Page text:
The Prime Minister's Office was told that Opposition Leader Tom Mulcair, as well as Redford, three other premiers and several MPs who made the 18-hour journey for the service, would not be allowed inside.
However, all of the Canadians were able to get in during the confusion that reigned at security checkpoints as thousands of people poured through.
Mulcair was elated that he was able to attend.
Describing the memorial as "very emotional," he said South Africans have heeded the message of peace that Mandela gave them and are using it in the continued effort to build their nation.
"People realize that Nelson Mandela accomplished a great deal, but there's also a sense that they understand it's not over, that they've got to keep going.
"That's why it's important for Canada to be there," he said.
"To be a friend . . . to help with our own experience."
Harper and his wife, Laureen were also joined by former governors general Adrienne Clarkson and Michaelle Jean, Assembly of First Nations national Chief Shawn Atleo and Gaston Barban, Canada’s high commissioner to South Africa.
They joined heads of state and government from around the world, as well as international celebrities and business leaders.
"It's truly an honour to be here with governors general and all the former prime ministers," said Redford.
For Atleo, the words spoken by some of Mandela's grandchildren drew connections with aboriginal struggles in Canada.
And he said Canada can learn from the former South African president.
"(Mandela) changed the conversation, from conflict to reconciliation, from poverty to sharing, from inequality to equality," Atleo said.
"We as well have a truth and reconciliation commission happening right now, just like occurred in South Africa."
"So, too, do we need to follow suit, and have structural changes occur in Canada."
Among the other notables in attendance at the memorial were French President Francois Hollande and his predecessor Nicolas Sarkozy, United Nations Secretary-General Ban Ki-moon and Cuban President Raul Castro. Celebrities included South African actress Charlize Theron, model Naomi Campbell and singer Bono.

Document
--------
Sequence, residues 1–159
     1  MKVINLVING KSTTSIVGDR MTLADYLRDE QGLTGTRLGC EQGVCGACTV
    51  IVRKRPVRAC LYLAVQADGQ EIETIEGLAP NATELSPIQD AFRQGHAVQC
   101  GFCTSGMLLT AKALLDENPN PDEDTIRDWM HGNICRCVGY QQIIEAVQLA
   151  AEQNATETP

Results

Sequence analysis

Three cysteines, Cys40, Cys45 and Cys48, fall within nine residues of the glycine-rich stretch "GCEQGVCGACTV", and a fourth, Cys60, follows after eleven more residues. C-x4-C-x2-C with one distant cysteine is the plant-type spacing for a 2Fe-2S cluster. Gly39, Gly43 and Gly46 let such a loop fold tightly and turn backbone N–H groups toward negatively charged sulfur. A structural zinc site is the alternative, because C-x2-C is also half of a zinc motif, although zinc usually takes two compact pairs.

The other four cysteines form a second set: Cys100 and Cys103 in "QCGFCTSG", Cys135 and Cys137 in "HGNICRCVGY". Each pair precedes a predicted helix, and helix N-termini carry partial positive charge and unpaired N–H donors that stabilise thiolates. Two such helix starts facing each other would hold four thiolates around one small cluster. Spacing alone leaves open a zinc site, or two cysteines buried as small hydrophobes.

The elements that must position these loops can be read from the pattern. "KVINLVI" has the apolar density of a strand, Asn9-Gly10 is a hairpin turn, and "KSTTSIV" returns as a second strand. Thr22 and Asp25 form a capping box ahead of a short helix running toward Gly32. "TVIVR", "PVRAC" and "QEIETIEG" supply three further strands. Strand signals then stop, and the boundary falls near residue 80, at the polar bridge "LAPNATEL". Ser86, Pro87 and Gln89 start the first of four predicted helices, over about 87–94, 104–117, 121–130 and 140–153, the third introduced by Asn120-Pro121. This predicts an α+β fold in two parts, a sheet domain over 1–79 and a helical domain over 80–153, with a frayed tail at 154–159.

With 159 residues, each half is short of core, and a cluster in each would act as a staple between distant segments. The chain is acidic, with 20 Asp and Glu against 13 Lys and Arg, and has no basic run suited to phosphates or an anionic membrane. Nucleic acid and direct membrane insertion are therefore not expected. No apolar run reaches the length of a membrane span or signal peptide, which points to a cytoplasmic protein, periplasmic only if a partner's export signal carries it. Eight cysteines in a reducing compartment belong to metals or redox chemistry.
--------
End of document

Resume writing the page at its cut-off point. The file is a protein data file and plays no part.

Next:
Harper and company were greeted with applause when they were announced to the crowd, although the response was dwarfed by the thunderous roar that greeted the American delegation, which included Obama and former presidents Bill Clinton and George W. Bush.
The crowd erupted in songs of celebration and loud cheers whenever Mandela's name was spoken during the proceedings. But they booed the arrival of President Jacob Zuma, whose tenure has been troubled by scandals.
The Canadians watched the services with keen interest. Laureen Harper seemed especially moved by the celebrations, occasionally leaning forward in her seat to get a better view of the tumult.
Before heading to the stadium, Harper had an informal breakfast with prime ministers Tony Abbott and John Key from Australia and New Zealand.
Harper's spokesman Carl Vallee would not say what the leaders discussed.
While the boisterous memorial was going on, a more muted tribute rang out over Ottawa. The Peace Tower bells played the song Nkosi Sikelel' iAfrika, the official anthem of Mandela's African National Congress during the apartheid era and a symbol of the anti-apartheid movement
Mandela's body will lie in state for three days at the Union Buildings in Pretoria, before the burial Sunday in his rural childhood village of Qunu in Eastern Cape Province.
— With files from The Associated Press